NEW ORLEANS, LA – Today, New Orleans Mayor Mitch Landrieu joined Environmental Protection Agency Administrator Gina McCarthy and City officials to commemorate the completion of the New Orleans Redevelopment Authority’s new pilot rain garden at 5302 Wildair Drive in the Filmore neighborhood. This demonstration project is designed to collect, temporarily store, and clean up to 500 gallons of rainwater and allow it to gradually flow into the City’s drainage system. Rain gardens mitigate flooding risk and help reduce subsidence. This is the first project connected to the Greater New Orleans Urban Water Plan which provides a long-term urban water management plan for Orleans, Jefferson, and St. Bernard parishes.
“Today, we welcome EPA Administrator Gina McCarthy to New Orleans to discuss the importance of resiliency which requires planning for the future and investment,” Mayor Landrieu said. “Over eight years ago, we learned hard lessons from Hurricane Katrina and today, we are committed to build back smarter and stronger. NORA’s pilot rain garden program is the perfect example of how we are learning to once again live with water. As we continue to rebuild our city, innovative water management strategies, including the Greater New Orleans Urban Water Plan, will be at the forefront. We have an opportunity to create a template for water management that can serve as an international model for resiliency."
“New Orleans' Urban Water Plan recognizes the need to ‘live with water’ in an urban environment,” said EPA Administrator Gina McCarthy. “Innovative green infrastructure solutions like the pilot rain barrel project safeguard drinking water and help build resilience to costly floods, extreme weather, and other shocks to the water system made worse by climate change.”
The New Orleans Redevelopment Authority (NORA) is committed to its role as a steward of vacant properties. This lot is part of a demonstration project that enhances selected vacant properties using plants native to Southeast Louisiana in order to beautify neighborhoods and reduce flooding by capturing rainwater onsite. These improvements demonstrate how vacant properties can become assets in stabilizing New Orleans neighborhoods and how New Orleanians can ‘live with water.’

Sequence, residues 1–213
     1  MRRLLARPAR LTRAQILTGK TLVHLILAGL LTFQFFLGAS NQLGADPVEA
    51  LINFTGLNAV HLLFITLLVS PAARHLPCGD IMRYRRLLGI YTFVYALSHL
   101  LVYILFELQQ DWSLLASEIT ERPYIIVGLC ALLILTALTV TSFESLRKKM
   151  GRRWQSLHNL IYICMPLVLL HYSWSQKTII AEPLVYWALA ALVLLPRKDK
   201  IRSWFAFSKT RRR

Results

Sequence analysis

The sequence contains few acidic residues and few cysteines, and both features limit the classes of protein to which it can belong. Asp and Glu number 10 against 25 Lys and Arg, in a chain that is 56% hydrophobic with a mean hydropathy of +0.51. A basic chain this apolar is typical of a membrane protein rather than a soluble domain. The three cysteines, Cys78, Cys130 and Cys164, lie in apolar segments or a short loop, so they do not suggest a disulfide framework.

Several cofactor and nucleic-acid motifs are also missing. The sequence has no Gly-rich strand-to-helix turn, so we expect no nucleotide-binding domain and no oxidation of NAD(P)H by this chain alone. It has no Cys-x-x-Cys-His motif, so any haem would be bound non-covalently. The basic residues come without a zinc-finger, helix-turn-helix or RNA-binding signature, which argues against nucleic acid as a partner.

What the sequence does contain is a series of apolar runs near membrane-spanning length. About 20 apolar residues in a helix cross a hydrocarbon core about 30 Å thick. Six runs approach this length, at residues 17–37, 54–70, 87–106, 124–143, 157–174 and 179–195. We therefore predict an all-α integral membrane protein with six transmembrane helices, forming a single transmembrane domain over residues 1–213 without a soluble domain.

The sidewalk has been cut to allow water to flow from the gutter onto the site, where it is temporarily stored after heavy rains. This diverts the stormwater from the city’s strained drainage system, and helps to reduce local flooding and subsidence (the slow sinking of the land that occurs when soils underground dry out). As a result of this improvement, the site can now provide space for 500 gallons of water to be temporarily stored. The site has been designed to drain water within 48 hours so that it will not attract mosquitos.
The 11,100 square foot site has been planted with 129 native trees and shrubs including bald cypress trees, spider irises, dwarf palmettos, and muhly grasses.
This rain garden project is aligned with the Greater New Orleans Urban Water Plan, a vision for long-term urban water management in Orleans, Jefferson, and St. Bernard parishes. The Plan provides a roadmap for improving management of flood and subsidence threats, while creating economic value and enhancing quality of life.
NORA Executive Director Jeff Hebert said, “Through the pilot rain garden program, NORA is committed to repurposing open lots, beautifying neighborhoods, mitigating flooding risks and increasing water quality. We are proud to be an EPA Urban Waters Federal Partnership community where local and federal partners are working together to restore and revitalize urban waterways.”
Total cost for the rain garden was $38,498 with funding coming from NORA through a HUD Neighborhood Initiatives Grant. The rain garden was designed by Dana Brown & Associates and constructed by Professional Grounds Maintenance. The Filmore Gardens Neighborhood Association will serve as the community partner in helping to maintain the rain garden.